General Overview

Foundational works in the area of voter support for women candidates share the goal of evaluating women’s political candidacy more broadly, paying attention to voters, political parties, media coverage in campaigns. Earlier works, including Sapiro 1981 and Seltzer, et al. 1997, established that voters did not discriminate against female candidates and when compared to men running in similar races they won election just as frequently. Tolleson Rinehart 1992 finds that female candidates are particularly attractive to women who identify as gender conscious and who view the election of women as an important goal. Even so, Kahn 1996 demonstrates that female candidates often anticipate voters assessing them differently from male candidates and often work strategically to successfully navigate any negative assessments regarding their suitability to hold elected office. Jamieson 1997 posits that women in leadership positions are often held to unattainable competing standards—a “double bind”—that expect women to be kind but not a pushover, attractive but not too pretty, bold but not emasculating, standards that consistently have women falling far short of the perfect, composite image of an ideal leader. Dolan 2004 and Dolan 2014 use survey data to consistently demonstrate that other factors, including the party affiliation of voters and candidates, not gender stereotypes, exert a significant influence over evaluations of women candidates. The edited volumes Thomas and Wilcox 2014 and Carroll and Fox 2018 explore voter support for women candidates and related salient issues for contemporary state and federal elections.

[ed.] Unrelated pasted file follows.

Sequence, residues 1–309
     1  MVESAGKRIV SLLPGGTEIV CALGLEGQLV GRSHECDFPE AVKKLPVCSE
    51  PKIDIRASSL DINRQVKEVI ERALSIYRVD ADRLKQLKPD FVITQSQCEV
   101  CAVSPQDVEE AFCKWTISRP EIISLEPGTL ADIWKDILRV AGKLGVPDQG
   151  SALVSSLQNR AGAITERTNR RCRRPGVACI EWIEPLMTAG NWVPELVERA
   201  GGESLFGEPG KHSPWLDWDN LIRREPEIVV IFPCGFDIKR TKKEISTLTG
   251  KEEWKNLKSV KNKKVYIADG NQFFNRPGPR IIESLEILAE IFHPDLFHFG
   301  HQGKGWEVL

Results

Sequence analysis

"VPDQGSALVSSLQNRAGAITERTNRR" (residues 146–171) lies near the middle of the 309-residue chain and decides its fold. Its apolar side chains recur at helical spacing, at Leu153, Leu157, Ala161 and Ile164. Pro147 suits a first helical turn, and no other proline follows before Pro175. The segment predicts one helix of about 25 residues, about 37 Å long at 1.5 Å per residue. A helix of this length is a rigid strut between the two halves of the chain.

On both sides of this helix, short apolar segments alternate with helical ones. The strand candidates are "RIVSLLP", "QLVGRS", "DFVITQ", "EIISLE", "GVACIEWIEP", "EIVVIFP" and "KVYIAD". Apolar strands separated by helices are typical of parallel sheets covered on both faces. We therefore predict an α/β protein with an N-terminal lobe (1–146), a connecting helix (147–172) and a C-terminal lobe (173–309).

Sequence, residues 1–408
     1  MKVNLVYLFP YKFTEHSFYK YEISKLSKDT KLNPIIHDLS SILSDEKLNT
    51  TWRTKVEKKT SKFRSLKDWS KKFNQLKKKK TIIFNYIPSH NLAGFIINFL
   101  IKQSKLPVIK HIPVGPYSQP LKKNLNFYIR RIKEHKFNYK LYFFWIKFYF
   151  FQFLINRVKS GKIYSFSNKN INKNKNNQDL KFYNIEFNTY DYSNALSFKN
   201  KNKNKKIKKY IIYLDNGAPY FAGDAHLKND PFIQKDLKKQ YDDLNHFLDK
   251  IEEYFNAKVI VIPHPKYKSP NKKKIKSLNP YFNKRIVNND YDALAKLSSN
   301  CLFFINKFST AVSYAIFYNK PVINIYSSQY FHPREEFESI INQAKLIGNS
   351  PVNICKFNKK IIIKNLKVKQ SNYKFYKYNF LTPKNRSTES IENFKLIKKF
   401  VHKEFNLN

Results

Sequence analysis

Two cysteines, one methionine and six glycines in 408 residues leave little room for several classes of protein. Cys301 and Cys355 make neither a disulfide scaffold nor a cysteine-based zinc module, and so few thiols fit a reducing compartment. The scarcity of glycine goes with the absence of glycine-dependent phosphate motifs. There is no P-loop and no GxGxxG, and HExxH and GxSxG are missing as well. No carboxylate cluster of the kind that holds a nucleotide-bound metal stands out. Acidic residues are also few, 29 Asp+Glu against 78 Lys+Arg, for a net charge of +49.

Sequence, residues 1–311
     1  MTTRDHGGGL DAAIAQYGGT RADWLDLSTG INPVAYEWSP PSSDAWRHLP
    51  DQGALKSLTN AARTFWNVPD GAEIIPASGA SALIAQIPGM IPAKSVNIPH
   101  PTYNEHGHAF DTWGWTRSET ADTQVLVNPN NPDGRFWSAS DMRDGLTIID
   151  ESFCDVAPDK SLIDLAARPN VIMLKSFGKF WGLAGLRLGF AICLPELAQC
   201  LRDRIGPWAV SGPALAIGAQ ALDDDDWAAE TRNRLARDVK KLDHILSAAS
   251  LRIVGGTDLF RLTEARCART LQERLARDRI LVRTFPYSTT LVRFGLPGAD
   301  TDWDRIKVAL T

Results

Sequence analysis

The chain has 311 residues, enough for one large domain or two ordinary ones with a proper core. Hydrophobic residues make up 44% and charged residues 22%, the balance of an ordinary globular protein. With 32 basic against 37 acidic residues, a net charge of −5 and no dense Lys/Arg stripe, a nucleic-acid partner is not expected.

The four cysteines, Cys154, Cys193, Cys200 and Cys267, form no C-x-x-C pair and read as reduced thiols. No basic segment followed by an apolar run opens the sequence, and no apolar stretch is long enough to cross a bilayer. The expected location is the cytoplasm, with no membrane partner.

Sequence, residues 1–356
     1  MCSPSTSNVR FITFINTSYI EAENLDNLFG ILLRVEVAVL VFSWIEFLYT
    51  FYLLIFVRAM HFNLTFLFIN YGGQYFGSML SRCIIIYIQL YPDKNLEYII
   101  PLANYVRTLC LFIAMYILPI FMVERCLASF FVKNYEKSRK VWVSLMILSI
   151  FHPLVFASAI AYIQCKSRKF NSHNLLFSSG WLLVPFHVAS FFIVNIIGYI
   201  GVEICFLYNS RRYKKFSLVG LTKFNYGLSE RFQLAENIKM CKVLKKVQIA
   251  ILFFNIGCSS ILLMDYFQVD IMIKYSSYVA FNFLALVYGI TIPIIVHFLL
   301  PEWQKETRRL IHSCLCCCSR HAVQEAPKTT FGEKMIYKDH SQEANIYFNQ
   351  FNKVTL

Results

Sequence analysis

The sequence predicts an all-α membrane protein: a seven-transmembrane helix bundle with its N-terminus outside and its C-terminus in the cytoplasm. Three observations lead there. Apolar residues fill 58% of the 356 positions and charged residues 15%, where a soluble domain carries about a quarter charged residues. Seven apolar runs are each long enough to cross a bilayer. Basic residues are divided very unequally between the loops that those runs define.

• Carroll, Susan J., and Richard L. Fox, eds. Gender and Elections: Shaping the Future of American Politics. 4th ed. New York: Cambridge University Press, 2018.

    E-mail Citation »

    Edited volume that explores women’s political candidacy in federal and state elections, and also the experiences of Latinas and African American candidates for elective office.

  • Dolan, Kathleen. Voting for Women: How the Public Evaluates Women Candidates. Boulder, CO: Westview Press, 2004.

    E-mail Citation »

    Survey research from the General Social Survey and the American National Election Study demonstrates how voters assess women candidates and the factors that increase or decrease the likelihood of voting for them.

  • Dolan, Kathleen. When Does Gender Matter? Women Candidates & Gender Stereotypes in American Elections. New York: Oxford University Press, 2014.

    DOI: 10.1093/acprof:oso/9780199968275.001.0001E-mail Citation »

    Foundational work that uses survey data to demonstrate that political party affiliation, not gender stereotypes, influence voters’ support for women candidates.